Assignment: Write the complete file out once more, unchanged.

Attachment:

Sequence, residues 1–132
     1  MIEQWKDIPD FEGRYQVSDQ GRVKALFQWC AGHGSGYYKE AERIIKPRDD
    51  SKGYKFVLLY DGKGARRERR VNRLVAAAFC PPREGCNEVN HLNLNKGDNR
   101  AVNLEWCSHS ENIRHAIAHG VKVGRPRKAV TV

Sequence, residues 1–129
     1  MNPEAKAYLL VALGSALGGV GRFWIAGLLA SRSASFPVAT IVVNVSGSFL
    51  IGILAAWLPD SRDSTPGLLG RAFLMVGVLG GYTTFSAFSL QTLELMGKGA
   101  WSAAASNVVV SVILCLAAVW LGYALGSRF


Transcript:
Sequence, residues 1–132
     1  MIEQWKDIPD FEGRYQVSDQ GRVKALFQWC AGHGSGYYKE AERIIKPRDD
    51  SKGYKFVLLY DGKGARRERR VNRLVAAAFC PPREGCNEVN HLNLNKGDNR
   101  AVNLEWCSHS ENIRHAIAHG VKVGRPRKAV TV

Sequence, residues 1–129
     1  MNPEAKAYLL VALGSALGGV GRFWIAGLLA SRSASFPVAT IVVNVSGSFL
    51  IGILAAWLPD SRDSTPGLLG RAFLMVGVLG GYTTFSAFSL QTLELMGKGA
   101  WSAAASNVVV SVILCLAAVW LGYALGSRF